Stroke Research without Animal Testing
Confocal laser scanning microscopy images of 3D organoids after 120 h cultivation time. The core of organoids consists of astrocytes covered by pericytes and an outer layer of endothelial cells. The overlay image of all channels represents the whole organoid.
© UDE/AK Epple
When researching damage caused by strokes, there is no getting around them: mice. Their brains are used to simulate vascular occlusions and their consequences - until now: The future could belong to "mini-brains" from the laboratory. With them, a team of researchers from medicine and chemistry at the UDE wants to establish new methods in stroke research without animal testing. The German Federal Ministry of Education and Research (BMBF) is funding the recently launched project with 750,000 euros.
For the next three years, everything will revolve around 3D organoids in an in vitro process. The cell structures produced in the laboratory, which resemble organs and provide tissue for investigations, are not a new invention by the UDE researchers. "But we are applying this method to stroke research for the first time," says CENIDE member Prof. Dr. Matthias Epple from Inorganic Chemistry. Together with his colleague, Dr. Viktoriya Sokolova, and his colleagues from Essen University Hospital, biologist Prof. Bernd Giebel (Institute of Transfusion Medicine) and physician Prof. Dirk M. Hermann (Chair of Vascular Neurology, Dementia and Aging Research), Epple wants to optimize and validate the animal-free model. In this way, it should find its way into research as quickly as possible. "If we succeed, research will need up to 20,000 fewer mice per year," Hermann estimates. That's a good start, given that more than 200,000 mice are used for stroke research worldwide every year.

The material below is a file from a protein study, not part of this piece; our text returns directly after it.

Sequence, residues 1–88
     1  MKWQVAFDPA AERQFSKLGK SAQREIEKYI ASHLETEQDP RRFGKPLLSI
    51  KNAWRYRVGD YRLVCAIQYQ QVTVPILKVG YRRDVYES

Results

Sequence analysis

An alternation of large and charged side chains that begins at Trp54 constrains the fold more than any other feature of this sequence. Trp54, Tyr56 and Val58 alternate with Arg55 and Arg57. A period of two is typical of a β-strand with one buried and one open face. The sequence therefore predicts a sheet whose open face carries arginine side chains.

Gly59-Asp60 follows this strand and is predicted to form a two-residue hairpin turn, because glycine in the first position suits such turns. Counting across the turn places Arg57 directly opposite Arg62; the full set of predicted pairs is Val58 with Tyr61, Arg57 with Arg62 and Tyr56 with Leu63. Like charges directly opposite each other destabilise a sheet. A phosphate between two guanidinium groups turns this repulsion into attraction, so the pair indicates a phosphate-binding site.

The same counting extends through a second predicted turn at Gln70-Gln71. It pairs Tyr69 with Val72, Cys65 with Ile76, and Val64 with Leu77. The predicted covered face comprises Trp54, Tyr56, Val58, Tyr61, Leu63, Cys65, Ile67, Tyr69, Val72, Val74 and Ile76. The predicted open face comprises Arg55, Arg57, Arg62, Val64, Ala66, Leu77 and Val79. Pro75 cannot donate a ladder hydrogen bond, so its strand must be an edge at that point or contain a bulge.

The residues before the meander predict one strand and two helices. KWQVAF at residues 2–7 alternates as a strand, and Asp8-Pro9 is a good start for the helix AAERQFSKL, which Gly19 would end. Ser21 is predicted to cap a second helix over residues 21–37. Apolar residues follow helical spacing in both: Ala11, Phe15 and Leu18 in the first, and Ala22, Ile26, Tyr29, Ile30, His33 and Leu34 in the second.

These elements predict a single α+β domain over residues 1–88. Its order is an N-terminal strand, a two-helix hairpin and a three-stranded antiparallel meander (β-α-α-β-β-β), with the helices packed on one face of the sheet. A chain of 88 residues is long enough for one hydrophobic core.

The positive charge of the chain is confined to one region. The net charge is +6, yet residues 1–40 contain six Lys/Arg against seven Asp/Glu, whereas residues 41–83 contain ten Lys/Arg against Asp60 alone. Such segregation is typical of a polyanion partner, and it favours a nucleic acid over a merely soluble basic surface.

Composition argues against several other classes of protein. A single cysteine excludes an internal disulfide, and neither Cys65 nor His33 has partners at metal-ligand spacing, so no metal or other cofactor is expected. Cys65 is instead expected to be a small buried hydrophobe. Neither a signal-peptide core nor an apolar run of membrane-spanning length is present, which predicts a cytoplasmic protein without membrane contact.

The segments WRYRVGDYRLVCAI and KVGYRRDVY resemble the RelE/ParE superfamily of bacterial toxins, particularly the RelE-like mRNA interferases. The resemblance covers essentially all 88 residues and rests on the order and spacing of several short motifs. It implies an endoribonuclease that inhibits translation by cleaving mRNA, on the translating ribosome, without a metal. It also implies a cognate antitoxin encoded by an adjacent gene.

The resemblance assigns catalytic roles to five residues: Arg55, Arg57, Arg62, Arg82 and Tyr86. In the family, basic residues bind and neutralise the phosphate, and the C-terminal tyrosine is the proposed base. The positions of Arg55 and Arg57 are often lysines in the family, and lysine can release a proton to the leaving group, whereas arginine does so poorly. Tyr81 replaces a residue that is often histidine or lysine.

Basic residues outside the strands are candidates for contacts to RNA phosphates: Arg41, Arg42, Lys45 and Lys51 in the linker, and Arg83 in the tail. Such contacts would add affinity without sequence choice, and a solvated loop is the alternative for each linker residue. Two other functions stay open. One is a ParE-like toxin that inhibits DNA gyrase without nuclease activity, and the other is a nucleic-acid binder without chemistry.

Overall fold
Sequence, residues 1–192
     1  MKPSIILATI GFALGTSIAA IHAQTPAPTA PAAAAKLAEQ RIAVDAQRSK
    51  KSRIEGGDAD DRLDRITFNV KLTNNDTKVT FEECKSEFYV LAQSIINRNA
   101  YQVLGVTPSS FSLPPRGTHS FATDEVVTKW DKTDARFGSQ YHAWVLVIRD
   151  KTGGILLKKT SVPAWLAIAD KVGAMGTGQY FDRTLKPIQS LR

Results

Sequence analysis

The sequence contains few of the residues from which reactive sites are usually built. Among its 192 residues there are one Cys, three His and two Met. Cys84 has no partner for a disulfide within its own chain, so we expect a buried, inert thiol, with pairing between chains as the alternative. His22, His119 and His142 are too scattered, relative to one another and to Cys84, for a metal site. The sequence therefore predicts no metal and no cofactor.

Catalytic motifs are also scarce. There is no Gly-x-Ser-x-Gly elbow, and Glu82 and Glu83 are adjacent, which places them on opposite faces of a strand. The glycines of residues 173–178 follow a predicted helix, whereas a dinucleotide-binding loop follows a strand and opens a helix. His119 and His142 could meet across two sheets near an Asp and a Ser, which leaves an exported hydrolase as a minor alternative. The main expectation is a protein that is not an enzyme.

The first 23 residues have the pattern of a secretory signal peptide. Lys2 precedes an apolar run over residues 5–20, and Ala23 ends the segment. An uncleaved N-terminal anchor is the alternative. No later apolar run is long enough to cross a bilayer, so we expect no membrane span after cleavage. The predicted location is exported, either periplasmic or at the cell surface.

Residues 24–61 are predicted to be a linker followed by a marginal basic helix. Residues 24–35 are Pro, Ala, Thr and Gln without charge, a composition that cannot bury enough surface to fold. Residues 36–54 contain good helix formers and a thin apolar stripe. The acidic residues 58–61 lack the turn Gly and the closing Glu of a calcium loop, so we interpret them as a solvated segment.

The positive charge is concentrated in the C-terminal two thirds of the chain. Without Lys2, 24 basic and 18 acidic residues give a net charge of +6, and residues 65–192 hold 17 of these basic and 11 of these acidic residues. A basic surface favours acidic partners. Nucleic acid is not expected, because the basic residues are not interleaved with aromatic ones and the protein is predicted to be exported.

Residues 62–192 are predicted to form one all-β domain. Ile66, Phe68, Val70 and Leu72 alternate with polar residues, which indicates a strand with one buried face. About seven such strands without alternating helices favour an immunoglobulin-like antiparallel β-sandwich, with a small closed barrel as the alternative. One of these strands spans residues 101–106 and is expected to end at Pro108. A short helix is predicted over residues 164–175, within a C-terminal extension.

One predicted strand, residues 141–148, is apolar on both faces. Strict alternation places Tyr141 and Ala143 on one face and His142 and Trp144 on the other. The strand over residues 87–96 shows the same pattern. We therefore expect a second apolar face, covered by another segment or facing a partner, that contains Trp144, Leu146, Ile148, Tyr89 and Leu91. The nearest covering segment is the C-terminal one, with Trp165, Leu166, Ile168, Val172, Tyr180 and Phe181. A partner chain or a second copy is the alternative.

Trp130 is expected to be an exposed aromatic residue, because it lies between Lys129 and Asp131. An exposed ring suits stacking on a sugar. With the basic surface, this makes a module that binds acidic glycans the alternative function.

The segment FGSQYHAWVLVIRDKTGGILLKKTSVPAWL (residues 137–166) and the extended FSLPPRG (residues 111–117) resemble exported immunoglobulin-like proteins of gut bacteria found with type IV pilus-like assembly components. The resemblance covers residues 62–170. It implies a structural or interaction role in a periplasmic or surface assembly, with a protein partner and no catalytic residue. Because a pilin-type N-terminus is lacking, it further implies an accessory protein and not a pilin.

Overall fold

The three scientists and their teams have spent several years preparing the project, and they have already worked together on an interdisciplinary basis. Now it's time to get practical: the team cultivates three to six different cell types in the laboratory. The "mini-brains" will then be used to test which active ingredients pass the blood-brain barrier and what their effects are, including extracellular vesicles and ultra-small nanoparticles with different sizes and charges. "This drug discovery is an important step in the development of new drugs; it will help us develop a potential stroke therapy," Giebel explains.
The BMBF is deliberately pushing alternative methods research with its funding. If the UDE team is successful, there will not only be a publication at the end of the project, but also a workshop and a YouTube channel to raise awareness of the new approaches in stroke research without animals.
Prof. Dr. Matthias Epple, Inorganic Chemistry, Tel. 0201/18 3-2413, email@example.com